So finally after this “short” prologue, we can go straight to the most important part of this blog post – the positive changes 2020 brought to Lithuania’s digital diplomacy.

Information sharing – from emails to interactive platforms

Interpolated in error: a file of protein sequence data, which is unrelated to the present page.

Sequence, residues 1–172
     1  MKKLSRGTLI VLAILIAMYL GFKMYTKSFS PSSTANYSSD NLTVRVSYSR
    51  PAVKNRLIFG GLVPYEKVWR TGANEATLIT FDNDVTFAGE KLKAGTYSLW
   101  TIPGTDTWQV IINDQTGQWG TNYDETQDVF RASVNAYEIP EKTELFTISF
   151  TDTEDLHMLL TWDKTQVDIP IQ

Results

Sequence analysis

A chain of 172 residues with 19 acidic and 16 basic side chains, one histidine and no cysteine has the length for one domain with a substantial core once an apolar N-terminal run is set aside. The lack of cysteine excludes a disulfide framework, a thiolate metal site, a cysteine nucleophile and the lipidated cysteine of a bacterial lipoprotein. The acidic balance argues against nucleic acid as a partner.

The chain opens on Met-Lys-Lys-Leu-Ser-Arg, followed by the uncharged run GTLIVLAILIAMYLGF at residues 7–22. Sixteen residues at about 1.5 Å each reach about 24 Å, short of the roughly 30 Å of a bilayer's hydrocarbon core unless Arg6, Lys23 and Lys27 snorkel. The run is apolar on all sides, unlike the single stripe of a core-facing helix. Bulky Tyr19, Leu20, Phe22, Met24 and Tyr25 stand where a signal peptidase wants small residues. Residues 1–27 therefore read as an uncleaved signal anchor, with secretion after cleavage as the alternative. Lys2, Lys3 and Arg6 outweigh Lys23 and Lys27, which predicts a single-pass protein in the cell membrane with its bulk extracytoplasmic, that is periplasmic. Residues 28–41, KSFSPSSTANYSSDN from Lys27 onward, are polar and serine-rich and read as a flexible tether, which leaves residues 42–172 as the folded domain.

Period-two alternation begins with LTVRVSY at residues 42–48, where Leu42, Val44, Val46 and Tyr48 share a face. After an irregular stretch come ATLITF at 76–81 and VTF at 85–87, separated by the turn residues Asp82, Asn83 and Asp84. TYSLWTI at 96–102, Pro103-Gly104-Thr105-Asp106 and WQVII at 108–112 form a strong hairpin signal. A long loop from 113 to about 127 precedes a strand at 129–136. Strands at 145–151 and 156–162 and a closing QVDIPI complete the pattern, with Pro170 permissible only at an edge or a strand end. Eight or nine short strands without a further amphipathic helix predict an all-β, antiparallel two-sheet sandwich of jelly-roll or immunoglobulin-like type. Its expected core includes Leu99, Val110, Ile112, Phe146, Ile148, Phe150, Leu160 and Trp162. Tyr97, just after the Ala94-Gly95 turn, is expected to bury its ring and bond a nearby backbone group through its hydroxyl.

Traditionally information sharing that happens between the “center”, meaning the MFA, and the “field operatives”, meaning the embassies/missions/representations, is still centered around emails. Of course, we have phones, messenger apps, but emails still play the most important role here. There are some good things about this method of communication, but there are many bad ones, and I will cover both. The good thing is that we all are familiar with emails, how they are composed, how they are sent, and how to quickly get lost in all of them when they simply flood your inbox. But the bad things are just that – you usually get hundreds of them throughout the day and it is sometimes hard to keep focused to truly understand what is written and what reaction is needed from you. So when the pandemic hit Europe and the entire world, the Lithuanian Ministry of Foreign Affairs had to act, as well as our diplomatic representations abroad. The main goal was to help Lithuanians in need wherever they were so that they could return home or at least get the best instructions on how they should act in the country they were present at that moment. Lithuania MFA had to have updated, fact-checked, and concise information about the situation around the world and our embassies were the most important players in this situation. So the staff members of the embassies had to report back to the center (MFA) on the situation in their location so that recommendations and specific travel alerts could be prepared and communicated to the wider public. So what happens in a crisis situation when countries around the world start to impose hard restrictions and close the borders and this information has to be delivered swiftly from around sixty embassies? With emails, it is called a “full inbox”. I am talking about the lack of a centralized system, even though there were responsible people who had to somehow manage this flow of information. We had a huge crisis and an issue with our information delivery and reception, but we soon found a simple answer that was in front of our eyes – Google Spreadsheets and Disc. It is basically a free tool-platform, which can easily be used to create a centralized system for information sharing and storing, also it allows quick access for the vast amount of people from the MFA’s diplomatic-consular system. So after spending a day creating a workable environment, preparing specific active spreadsheets, and finishing some guidelines – we finally had a better solution that changed the system of emails for this specific cause. For months our embassies gathered valuable information, accessed the platform, and updated specific active spreadsheets and folders. Then the right people at the MFA could quickly prepare social media posts, press releases, and travel alerts for thousands of Lithuanians who needed to be informed. Embassies could, and also, did check information from their peers and people from the MFA updated information about the situation back home. I could say a win-win situation.  And yes possibly there are better platforms for this specific type of internal communication, but the situation was drastic in many ways and a quick response was needed. So what was the positive change in this case? The adaptation of an online platform for information sharing did not put email communication to rest, but it presented a valuable case for our future that clearly states – there are many positive solutions for vast improvements of internal or external communications. The mindset of people working in Lithuania’s diplomatic system has changed (at least a bit), hopefully leading to more positive prospects in the future.